- Was Gott tut, das ist wohlgetan (What God does is well done)
- Ach, lieben Christen, seid getrost (Ah, dear Christians, be comforted)
- Schmücke dich, O liebe Seele (Adorn yourself, beloved soul)
Bartok - Piano Concerto No.2
- Triple Concerto
- Romances 1 & 2 for violin and orchestra
- Quintet for piano winds (original version and piano quartet version)
- String Quartets 12, 13 and 15
- Piano Trios 1 to 3, 9 and 10 (Op.1, WoO 38 and Op.44)
- Clarinet Trio (original version and violin version)
- String Trios 1 to 4
- Serenade for string trio
- Violin Sonatas 1 to 5 (two versions of each)
- Piano Trio No.2
- String Quintet No.1
- Cello Sonata No.2
- Piano Concerto No.2
- Fantasy on Polish Airs
- Variations on "Là ci darem la mano"
- 2 Polonaises, op.26
Dvorak - Suite in A, 'American' (orchestral version)
- Chamber Symphony No.1
- Intermezzo Concertante for tuba and orchestra
- Concerto giocondo e severo
- Violin Sonata No.2
Shostakovich - String Quartet No.9
Sibelius - Finlandia
Sibelius - Symphony No.1
Snider - Penelope
Vine - String Quartet No.2
There was a veritable explosion of Beethoven activity in March. Through a complex series of events I ended up with even more new (or newish) Beethoven recordings to listen to than I expected.
This was pretty marvellous. It's hard to pick out highlights. At one end there was some truly delightful music from the early part of Beethoven's career. Special mention needs to be made of the string trios, as performed by the Leopold String Trio on Hyperion, because every bar on these discs sparkles. At the other extreme, I was introduced to the 3 string quartets that Beethoven wrote for Prince Galitzin - extraordinary pieces, alternately wild and grand as performed by the Takacs Quartet. The famous hymn in the Lydian mode in (the inaccurately numbered) 15th quartet showed me from the first hearing just why it is famous.
My Chopin chronology backtracked because I acquired a recording of his orchestral works... although it's fairly clear that the teenage Chopin was writing the orchestra to be in the background of fairly dazzling piano parts. I seem to remember quite liking the Fantasy.
March also provided me with a fairly unique puzzle, but it was a good puzzle to have. The problem was how to classify Penelope, a song cycle with some theatrical origins inspired by Homer's Odyssey, composed by Sarah Kirkland Snider to lyrics by playwright Ellen McLaughlin, sung by Shara Worden with instrumental accompaniment by the group Signal. Which half of my blog does this fit in? Is this classical music, or popular music?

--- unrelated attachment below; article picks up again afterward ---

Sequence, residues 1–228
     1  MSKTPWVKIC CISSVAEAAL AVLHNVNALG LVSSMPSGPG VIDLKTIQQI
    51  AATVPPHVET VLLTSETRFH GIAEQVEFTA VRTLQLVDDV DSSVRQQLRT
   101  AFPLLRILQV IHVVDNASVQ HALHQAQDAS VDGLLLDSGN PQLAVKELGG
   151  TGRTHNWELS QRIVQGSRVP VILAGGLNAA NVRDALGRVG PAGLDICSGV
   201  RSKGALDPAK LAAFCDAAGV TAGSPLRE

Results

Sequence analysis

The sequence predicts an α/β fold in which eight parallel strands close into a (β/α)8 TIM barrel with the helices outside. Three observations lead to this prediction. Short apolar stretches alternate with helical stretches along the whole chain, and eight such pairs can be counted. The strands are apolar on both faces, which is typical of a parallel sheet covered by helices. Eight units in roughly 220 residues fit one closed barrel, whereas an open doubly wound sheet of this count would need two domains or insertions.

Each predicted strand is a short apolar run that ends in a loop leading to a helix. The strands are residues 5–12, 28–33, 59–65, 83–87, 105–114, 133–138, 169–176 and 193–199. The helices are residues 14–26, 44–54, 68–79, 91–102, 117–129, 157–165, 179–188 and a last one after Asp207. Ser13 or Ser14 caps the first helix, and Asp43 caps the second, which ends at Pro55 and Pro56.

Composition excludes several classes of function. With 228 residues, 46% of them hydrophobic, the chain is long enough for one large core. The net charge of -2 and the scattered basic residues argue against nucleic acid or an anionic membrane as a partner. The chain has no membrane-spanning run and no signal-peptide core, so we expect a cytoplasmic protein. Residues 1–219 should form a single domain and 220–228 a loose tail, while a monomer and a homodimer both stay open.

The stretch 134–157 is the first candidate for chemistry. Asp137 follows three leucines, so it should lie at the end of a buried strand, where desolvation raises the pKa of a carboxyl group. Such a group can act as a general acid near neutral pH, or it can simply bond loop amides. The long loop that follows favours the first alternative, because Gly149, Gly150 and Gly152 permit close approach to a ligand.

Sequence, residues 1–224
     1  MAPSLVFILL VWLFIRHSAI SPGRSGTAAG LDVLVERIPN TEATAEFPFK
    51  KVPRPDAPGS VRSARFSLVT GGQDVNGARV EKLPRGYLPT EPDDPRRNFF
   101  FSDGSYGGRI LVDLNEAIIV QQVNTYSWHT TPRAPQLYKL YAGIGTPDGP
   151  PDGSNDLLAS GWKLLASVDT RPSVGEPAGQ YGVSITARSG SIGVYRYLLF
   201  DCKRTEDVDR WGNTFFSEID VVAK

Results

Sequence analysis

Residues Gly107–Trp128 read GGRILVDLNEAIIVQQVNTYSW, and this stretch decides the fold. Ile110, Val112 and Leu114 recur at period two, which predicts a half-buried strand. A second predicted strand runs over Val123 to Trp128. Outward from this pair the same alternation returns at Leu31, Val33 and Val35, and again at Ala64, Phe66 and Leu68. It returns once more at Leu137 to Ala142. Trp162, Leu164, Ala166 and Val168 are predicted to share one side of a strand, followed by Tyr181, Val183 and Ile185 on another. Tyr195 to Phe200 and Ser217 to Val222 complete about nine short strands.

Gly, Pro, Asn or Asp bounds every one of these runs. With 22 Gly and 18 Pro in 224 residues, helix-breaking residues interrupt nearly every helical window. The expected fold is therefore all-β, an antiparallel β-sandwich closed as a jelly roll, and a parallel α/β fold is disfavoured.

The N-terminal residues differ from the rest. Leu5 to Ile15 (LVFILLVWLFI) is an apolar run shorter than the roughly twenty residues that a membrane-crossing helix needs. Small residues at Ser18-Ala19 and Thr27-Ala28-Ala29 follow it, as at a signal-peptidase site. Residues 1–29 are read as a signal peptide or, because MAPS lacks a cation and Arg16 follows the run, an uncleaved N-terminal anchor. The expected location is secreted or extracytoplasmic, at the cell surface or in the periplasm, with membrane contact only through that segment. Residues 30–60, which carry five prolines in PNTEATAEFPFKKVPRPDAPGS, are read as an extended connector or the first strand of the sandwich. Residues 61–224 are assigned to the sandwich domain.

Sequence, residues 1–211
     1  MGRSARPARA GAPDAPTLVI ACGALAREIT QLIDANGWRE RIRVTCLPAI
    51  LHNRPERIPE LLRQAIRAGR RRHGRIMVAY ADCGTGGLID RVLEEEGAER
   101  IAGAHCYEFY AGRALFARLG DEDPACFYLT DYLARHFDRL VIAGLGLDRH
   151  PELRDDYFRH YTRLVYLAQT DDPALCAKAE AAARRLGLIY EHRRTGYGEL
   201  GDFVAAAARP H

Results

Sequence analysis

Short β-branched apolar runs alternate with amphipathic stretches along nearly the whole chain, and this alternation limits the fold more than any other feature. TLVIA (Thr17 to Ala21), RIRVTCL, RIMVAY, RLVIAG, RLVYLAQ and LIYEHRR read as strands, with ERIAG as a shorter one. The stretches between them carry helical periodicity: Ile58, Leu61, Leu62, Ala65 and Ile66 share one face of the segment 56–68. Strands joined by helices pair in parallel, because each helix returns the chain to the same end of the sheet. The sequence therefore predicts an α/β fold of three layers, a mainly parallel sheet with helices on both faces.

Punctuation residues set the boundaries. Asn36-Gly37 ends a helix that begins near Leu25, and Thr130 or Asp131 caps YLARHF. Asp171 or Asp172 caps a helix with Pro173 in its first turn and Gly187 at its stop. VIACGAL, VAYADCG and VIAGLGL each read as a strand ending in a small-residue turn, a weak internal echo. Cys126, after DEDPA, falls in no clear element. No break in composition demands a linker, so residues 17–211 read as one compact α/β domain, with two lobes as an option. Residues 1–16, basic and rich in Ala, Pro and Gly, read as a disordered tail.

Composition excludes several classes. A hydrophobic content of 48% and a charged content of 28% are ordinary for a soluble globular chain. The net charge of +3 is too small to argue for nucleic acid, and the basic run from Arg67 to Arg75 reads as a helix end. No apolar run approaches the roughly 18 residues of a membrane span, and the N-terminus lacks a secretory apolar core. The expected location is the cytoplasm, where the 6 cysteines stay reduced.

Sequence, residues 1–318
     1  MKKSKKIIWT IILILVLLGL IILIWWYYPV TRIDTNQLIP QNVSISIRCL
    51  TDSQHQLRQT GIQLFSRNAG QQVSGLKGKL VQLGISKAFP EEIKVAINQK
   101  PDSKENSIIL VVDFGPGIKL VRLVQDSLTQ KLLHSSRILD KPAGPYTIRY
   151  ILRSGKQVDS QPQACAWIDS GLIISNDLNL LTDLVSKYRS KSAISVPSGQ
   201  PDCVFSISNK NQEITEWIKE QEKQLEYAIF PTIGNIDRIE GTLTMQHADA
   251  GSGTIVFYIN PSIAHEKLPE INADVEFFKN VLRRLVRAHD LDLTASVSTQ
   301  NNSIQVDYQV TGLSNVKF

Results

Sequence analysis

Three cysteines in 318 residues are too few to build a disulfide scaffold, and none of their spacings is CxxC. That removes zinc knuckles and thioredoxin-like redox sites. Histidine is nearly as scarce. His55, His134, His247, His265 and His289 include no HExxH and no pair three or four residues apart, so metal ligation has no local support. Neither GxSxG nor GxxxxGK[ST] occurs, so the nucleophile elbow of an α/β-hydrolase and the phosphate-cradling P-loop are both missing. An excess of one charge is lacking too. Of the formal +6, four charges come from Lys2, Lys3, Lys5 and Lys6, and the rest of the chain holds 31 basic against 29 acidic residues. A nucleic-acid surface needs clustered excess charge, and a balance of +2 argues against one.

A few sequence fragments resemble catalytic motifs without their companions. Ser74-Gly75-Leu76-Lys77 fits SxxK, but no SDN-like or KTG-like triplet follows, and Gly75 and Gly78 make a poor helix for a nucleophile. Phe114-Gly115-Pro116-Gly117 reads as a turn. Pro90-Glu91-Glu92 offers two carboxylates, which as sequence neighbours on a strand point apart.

The truth is it's both. And neither. It's a true hybrid - not one of these embarrassing crossovers that has plagued the world since Hooked on Classics became a hit, but a work of art that uses elements of both musical languages. While getting to know Penelope, I switched back and forth repeatedly as to where it would live in my collection. That's a pop melody there... but then this section is something a pop song would never do... but that's layering that could only be created in a studio...
The performers weren't any help, as in both cases they are known for straddling different styles. In the end, the reason that Penelope has ended up in the classical list is that the composer is given prominence - first billing, in a way that is alien to pop music. So it goes under 'S' for Snider.
But really, more important than its classification is its quality. It has the resonances that distinguish the best song cycles, the sense of unity, of emotional narrative, the marriage of music and words so that both are heightened. More than anything, it's flat out beautiful.